Exclusive: France will not buy vaccines via the WHO COVAX program – source of the ministry

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PARIS (Reuters) – France will fund an initiative led by the World Health Organization to purchase potential COVID-19 vaccines, but will not procure vaccines through the program, a French ministry official said on Thursday. health.

FILE PHOTO: A woman holds a small bottle labeled with a “COVID-19 Vaccine” sticker and a medical syringe in this illustration taken April 10, 2020. REUTERS / Dado Ruvic / Illustration / File Photo / File Photo

The decision of one of the UN agency’s biggest supporters is a blow to its strategy to unite governments around the world to fight together against the coronavirus pandemic.

Instead of tapping into the WHO’s global immunization project, known as COVAX, Paris will obtain vaccines through a joint program organized by the European Union, the official told Reuters.

More than 170 countries have joined the project, WHO chief Tedros Adhanom Ghebreyesus said on Thursday, a day before the facility’s registration deadline.

The agency urged governments to join the plan to ensure vaccines are distributed fairly and efficiently, saying “vaccine nationalism” would undermine efforts to quell the pandemic.

The results of this series of COVAX engagements will highlight the challenge of tackling a global crisis with competing individual interests.

WHO had previously stated that 92 low-income countries were requesting assistance through the program, and about 80 high-income countries had expressed interest, but some had yet to confirm their intention before the deadline.

The agency has struggled to persuade countries to participate fully or go beyond funding pledges and warm words regarding the donation of surplus vaccines for the program, which is co-led by the WHO, the alliance GAVI vaccines and the CEPI Coalition for Epidemic Preparedness. Innovations.

“France’s position is quite clear: we don’t want to buy doses through COVAX,” said the French ministry official who declined to be named due to the sensitivity of the issue.

Instead, the official said, France will exploit supplies agreed to by the EU under its joint procurement program.

“Nevertheless, France fully supports the principle of ease,” said the official, adding that Paris will pledge cash to him, without saying how much he would provide.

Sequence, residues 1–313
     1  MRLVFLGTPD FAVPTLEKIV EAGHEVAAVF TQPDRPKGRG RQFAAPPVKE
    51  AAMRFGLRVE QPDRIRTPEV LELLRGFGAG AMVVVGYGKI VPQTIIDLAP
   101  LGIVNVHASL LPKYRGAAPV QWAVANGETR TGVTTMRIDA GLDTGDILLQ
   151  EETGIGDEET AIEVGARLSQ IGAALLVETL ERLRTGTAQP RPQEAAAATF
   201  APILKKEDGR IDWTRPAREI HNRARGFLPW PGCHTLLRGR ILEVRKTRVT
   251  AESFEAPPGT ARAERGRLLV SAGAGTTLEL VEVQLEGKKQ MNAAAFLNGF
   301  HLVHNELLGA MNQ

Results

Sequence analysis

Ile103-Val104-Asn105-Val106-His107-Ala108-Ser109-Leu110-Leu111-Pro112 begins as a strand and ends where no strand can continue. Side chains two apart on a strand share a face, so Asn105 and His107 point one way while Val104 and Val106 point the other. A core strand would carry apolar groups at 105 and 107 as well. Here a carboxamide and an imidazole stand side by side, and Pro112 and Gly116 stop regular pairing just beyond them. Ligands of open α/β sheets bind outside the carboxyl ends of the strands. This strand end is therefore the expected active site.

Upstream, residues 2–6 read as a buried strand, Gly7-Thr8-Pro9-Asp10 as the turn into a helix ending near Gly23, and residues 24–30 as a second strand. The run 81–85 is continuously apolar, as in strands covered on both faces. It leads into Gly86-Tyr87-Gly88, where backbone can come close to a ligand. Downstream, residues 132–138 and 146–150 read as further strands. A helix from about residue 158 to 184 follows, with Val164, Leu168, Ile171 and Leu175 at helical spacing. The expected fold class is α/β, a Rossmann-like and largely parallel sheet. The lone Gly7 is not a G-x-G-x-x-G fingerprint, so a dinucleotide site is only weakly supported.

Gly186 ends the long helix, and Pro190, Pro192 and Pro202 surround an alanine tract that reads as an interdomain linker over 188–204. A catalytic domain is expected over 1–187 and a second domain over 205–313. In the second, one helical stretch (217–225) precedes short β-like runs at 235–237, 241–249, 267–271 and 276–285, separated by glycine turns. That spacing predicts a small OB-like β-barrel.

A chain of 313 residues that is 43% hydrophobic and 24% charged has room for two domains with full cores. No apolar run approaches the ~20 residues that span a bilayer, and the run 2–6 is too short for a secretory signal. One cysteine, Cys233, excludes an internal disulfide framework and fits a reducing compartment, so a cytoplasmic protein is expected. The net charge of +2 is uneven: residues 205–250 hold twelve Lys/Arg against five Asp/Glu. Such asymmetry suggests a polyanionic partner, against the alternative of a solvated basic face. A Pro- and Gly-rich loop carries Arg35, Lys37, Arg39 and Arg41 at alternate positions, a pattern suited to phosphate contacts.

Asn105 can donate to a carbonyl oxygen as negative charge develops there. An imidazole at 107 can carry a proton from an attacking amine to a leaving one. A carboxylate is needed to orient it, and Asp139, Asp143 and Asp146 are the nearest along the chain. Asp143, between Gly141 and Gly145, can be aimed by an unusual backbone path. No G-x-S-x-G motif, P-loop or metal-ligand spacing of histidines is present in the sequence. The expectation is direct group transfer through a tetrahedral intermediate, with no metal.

WHO and the GAVI alliance did not immediately respond to requests for comment.

SOME COUNTRIES STILL ON THE FENCE

Other wealthy countries, including Britain, followed a similar strategy, purchasing vaccines for their own populations while also funding the program.

Some are still on the fence, including Brazil, which has one of the worst coronavirus outbreaks.

The United States said last week it would not participate. The administration of President Donald Trump opposes the involvement of the WHO.

France’s decision coincides with increasing monitoring of the management of the pandemic by the WHO. France and Germany are also pushing for the overhaul of the WHO, which they consider excessively subject to external influences.

Paris made its decision even though the European Commission softened its stance on the WHO project, giving EU member states the option of purchasing vaccines through both programs.

The EU executive had previously told member states not to purchase vaccines under the WHO program, deeming it slow, expensive and legally incompatible with the EU’s parallel purchasing program.

The Commission has so far committed 400 million euros ($ 475 million) in guarantees to COVAX, but said the terms of its involvement are still under negotiation.

The EU has reached an early purchase agreement on COVID-19 vaccines with AstraZeneca and is in talks with Johnson & Johnson, Sanofi, Moderna and CureVac.

COVAX is intended to procure and deliver 2 billion doses of approved vaccines by the end of 2021. It currently has nine COVID-19 vaccine candidates in its portfolio using a range of technologies and scientific approaches.

Reporting by Matthias Blamont in Paris, Additional reporting by Stephanie Nebehay in Geneva, Writing by Josephine Mason in London, Editing by Timothy Heritage

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